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secondary 4 | A Maths
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Annie Lee
Annie Lee

secondary 4 chevron_right A Maths chevron_right Singapore

Need help with question 13. It requires you to somehow find the value without applying any integration rules. Topic is area of a region. Source: Additional Maths 360. All help appreciated!

Date Posted: 1 month ago
Views: 16
J
J
1 month ago
The graph of y = √(1 - x²) can be used to form a semicircle with the x axis, for -1 ≤ x ≤ 1.

1 represents the length of the hypotenuse of a right angled triangle.
x represents the length of 1 side of it, and it's part of the x axis.
y represents the length of the third side of the triangle, and is parallel to the y axis.


Using Pythagoras theorem,

x² + y² = 1²

y² = 1 - x²

y = ± √(1 - x²)

We only consider the positive part as the negative part is another semicircle , a reflection of this semicircle along the x axis.

So the hypotenuse length is fixed at 1 but the x and y coordinates are variable.

You'll see that all the coordinates on the graph form a semicircle with radius of 1 unit.


From x = 0 to x = 1, it's a quarter circle.

Area of quarter circle = ¼π(1units)²
= ¼π units²

The line y = 1 - x forms a right angled isosceles triangle with the x and y axis, with x intercept 1 and y intercept 1.

Area of this triangle is = ½ x 1 x 1 = ½ units²

Required area

= Area of quarter circle - area of triangle
= ¼π units² - ½ units²

= ¼ (π - 2) units²


You are essentially finding a small half-leaf/segment
J
J
1 month ago
Another thing to notice :

The two semicircles form a circle with centre (0,0) and radius 1

From x² + y² = 1²

(x - 0)² + (y - 0)² = 1²
Eric Nicholas K
Eric Nicholas K
1 month ago
I’m not sure if students are able to tell the sketch of such graphs though, since they are not taught to draw such graphs (they would not have been able to recognise that the equation is the same as the circle equation).
Eric Nicholas K
Eric Nicholas K
1 month ago
Annie, for this question, we will need a visual sketch of the graph. As J noted, the shape of the equation of the square root thing is that of a quarter circle (quadrant).

The straight line will form a right angled triangle with the x-axis.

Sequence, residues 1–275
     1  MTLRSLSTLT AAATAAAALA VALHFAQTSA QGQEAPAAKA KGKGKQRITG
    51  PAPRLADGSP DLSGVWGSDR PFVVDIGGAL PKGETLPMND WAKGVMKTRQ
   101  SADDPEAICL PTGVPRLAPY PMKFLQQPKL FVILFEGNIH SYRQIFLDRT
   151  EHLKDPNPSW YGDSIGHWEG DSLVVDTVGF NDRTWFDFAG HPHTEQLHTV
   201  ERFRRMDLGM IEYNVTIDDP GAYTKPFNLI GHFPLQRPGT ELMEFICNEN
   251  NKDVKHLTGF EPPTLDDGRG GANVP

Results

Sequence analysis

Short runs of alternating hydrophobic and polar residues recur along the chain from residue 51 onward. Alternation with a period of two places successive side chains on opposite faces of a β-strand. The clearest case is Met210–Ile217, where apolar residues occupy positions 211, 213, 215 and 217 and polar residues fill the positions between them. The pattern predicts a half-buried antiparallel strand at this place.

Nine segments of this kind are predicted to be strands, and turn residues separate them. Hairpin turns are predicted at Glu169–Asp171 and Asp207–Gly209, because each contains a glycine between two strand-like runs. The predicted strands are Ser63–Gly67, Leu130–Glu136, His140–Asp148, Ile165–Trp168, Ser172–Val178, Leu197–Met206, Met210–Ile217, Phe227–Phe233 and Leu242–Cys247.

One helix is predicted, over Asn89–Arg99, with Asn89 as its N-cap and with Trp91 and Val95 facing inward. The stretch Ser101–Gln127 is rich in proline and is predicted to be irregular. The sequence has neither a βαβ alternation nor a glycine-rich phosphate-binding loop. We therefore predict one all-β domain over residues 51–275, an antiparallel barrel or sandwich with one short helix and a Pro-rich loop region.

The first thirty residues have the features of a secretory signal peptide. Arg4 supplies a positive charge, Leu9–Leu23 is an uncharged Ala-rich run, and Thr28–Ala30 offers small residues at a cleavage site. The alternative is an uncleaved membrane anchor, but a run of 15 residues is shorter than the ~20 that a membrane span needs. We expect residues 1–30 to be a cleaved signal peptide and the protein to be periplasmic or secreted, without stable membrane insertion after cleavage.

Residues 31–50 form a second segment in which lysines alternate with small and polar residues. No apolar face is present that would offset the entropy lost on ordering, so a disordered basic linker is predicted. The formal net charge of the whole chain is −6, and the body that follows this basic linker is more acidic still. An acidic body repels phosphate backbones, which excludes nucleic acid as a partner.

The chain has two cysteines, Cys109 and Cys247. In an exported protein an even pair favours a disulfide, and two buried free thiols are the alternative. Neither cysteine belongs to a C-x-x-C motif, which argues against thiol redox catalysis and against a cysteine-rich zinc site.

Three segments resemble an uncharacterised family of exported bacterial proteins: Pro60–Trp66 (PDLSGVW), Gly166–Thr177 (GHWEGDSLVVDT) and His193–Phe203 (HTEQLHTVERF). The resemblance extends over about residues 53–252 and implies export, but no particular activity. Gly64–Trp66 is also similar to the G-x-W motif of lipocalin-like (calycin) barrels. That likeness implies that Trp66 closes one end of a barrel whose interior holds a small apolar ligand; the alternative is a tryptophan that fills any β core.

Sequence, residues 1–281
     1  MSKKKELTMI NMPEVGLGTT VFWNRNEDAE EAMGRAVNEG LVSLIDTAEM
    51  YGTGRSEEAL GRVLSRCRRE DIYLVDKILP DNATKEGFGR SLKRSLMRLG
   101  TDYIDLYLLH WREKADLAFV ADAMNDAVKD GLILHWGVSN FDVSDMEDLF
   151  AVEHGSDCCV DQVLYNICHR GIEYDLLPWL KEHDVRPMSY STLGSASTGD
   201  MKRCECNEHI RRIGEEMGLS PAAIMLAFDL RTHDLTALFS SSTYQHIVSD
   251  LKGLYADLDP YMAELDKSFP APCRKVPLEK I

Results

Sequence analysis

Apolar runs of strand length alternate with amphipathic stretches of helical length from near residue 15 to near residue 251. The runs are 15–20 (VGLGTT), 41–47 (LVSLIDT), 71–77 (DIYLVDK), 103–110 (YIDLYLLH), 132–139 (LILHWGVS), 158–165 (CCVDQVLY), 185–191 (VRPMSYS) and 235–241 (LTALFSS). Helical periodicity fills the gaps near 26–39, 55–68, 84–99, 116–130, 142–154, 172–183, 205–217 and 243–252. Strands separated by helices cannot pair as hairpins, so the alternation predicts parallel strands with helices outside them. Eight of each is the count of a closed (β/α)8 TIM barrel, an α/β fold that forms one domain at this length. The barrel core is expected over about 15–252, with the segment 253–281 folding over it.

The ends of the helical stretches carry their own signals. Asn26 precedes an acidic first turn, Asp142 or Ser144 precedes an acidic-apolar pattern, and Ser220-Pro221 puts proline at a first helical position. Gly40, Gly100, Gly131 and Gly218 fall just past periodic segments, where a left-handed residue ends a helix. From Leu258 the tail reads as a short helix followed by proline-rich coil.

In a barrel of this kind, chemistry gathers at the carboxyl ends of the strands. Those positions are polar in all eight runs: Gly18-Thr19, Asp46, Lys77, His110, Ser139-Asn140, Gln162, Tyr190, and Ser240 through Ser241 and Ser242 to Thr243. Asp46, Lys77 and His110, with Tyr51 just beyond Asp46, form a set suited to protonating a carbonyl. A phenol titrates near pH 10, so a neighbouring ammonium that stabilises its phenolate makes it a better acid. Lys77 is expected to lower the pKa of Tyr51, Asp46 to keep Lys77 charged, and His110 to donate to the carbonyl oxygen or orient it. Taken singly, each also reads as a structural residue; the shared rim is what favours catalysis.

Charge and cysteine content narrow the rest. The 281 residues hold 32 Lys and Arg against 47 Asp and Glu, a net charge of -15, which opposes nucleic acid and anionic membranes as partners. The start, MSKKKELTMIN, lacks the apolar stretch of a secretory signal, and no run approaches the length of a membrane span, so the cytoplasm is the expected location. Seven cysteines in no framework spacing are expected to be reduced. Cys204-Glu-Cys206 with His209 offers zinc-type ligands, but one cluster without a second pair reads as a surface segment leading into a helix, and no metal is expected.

From there we just calculate the integral by the sum/difference of areas.
J
J
1 month ago
y = 1 - x would be no problem.

y = √(1 - x²) would need some inference from the Pythagoras' theorem or circle equation. They are linked.

Technically not the same as circle, but derived from it.

Anyway it's a H.O.T corner question so it's more of a higher order thinking question that goes beyond the mere usual applying of integration/expand the student's horizons/connecting the dots.

It won't come out in national exams
Annie Lee
Annie Lee
1 month ago
Thanks J and Eric!
J
J
1 month ago
Welcome Annie. You can go to desmos.com and plot the graphs of y = 1 - x and y = √(1 - x²) for visualisation

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Eric Nicholas K
Eric Nicholas K's answer
3616 answers (Tutor Details)
1st
Annie, here is the relevant graph obtained from Desmos which supplements J's answer in the chat box.

I have included the graph of the curve (in red), the straight line (in blue) and an additional graph below the x-axis (in green) to illustrate J's point that the equation of the curve is actually that of a (semi) circle with the origin (0, 0) as its centre and radius 1 unit.

To describe in words, the integral gives the area of the region bounded by the curve y = sqrt (1 - x^2) and the line y = 1 - x.

As we well know it, this area is simply the area of the quarter circle (quadrant) with radius 1 unit minus the area of the triangle.

Value of integral
= Area of quadrant - Area of triangle
= 1/4 x Pi x 1 x 1 - 1/2 x 1 x 1
= (Pi/4 - 1/2) units^2
Annie Lee
Annie Lee
1 month ago
Thanks!